Other red flags in online conversations include asking where the computer or phone is in the home, wanting to go to a “private” chat from a public chat room, or “I know someone who can get you a modeling job,” which is something Worth said he had seen in his investigations.
“Sexting,” or sharing inappropriate photos via messaging, is also an issue teens must worry about, Worth said.
The top three reasons girls send “sexts” are to be fun/flirty, to give a “sexy present” and to feel sexy and confident, Worth said. Boys send “sexts” too, but also said they do so in response to one, he said.
“There’s a thin line between him and the whole school,” a video shown during the forum said.
“Once it spreads around, once it’s out there, it’s hard to get back,” Worth said.
Sexting may also lead to felony charges for teens who possess those images, especially if the teen is over 18 and has images of a minor, Worth said.
Inappropriate photos can also lead to even a bigger problem: sextortion.
“Sextortion” is blackmailing a person with images they have sent in order to get them to engage in sexual acts. Those acts could then also be recorded and used as future blackmail, Worth said.
Cyberbullying is another issue some teens may face. It’s when a person is tormented, harassed, humiliated, embarrassed or otherwise targeted by another person using the internet or other digital communication, Worth said.
Taking screenshots — a photo of the internet post — allows bullying to live on forever, Worth said.
“Even if it’s taken down right away, once it’s out there, it can be screenshot and reused. It’s really hard to capture,” he said.
This form of bullying could lead to more devastating incidents. Worth said Morgan County investigates at least 10 incidents each year related to fear about someone bringing a gun to school because of an online relationship.
He also cited the “Brian Kil” Facebook profile that terrorized the Plainfield area earlier this year with threats of violence in schools and local businesses.
Fake text messaging apps and apps that allow for computer IP addresses to be disguised are barriers to tracking down cyberbullies, Worth said.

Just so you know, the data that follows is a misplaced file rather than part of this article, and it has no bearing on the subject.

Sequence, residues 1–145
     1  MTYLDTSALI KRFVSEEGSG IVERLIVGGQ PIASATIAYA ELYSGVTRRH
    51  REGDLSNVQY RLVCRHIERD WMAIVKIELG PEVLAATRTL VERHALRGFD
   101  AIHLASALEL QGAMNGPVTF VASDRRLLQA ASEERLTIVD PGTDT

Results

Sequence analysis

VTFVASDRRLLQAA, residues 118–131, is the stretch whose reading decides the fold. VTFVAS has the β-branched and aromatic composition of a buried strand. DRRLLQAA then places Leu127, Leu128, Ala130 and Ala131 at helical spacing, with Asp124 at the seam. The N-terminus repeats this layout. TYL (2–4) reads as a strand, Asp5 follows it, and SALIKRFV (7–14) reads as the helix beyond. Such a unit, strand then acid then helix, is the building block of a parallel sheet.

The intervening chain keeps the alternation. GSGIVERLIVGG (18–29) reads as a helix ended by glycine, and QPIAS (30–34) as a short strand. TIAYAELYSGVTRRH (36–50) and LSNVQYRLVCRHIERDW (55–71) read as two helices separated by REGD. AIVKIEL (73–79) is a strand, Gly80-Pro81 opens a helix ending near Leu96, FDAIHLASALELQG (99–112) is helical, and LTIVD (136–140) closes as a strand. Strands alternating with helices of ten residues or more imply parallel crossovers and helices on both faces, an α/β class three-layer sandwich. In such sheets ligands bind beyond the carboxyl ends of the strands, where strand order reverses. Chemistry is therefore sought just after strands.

Parents and teens can take steps toward greater safety on the internet.
He suggested shutting off geolocations on cellphones and turning off website tracking to keep private information private. That can be done by going into the privacy settings under advanced settings, he said.
Most importantly, families need to be involved.
Worth said parents should know their child’s Apple username and password if they have an iPhone; the Playstore username and password if it’s an Android; and the Microsoft username and password for Microsoft phones.
Worth also cautioned parents to be on the lookout for “ghost apps” that appear as something harmless, like a calculator, but when a password is entered, other images may appear.
“If they have more than one calculator on their phone, you start questioning, ‘Why?’” he said.
Parents should also check the privacy settings on their device and their child’s, he said.
Apps like TeenSafe can give parents a look at what is coming into their child’s phone by allowing them to view text messages, phone calls and browser histories.
“I’m not pushing parents or people to spy on their kids. But instincts speak a lot. If you suspect something is going on, then start to dig,” Worth said.
“If you’re connected with your kid, you know when to start looking.”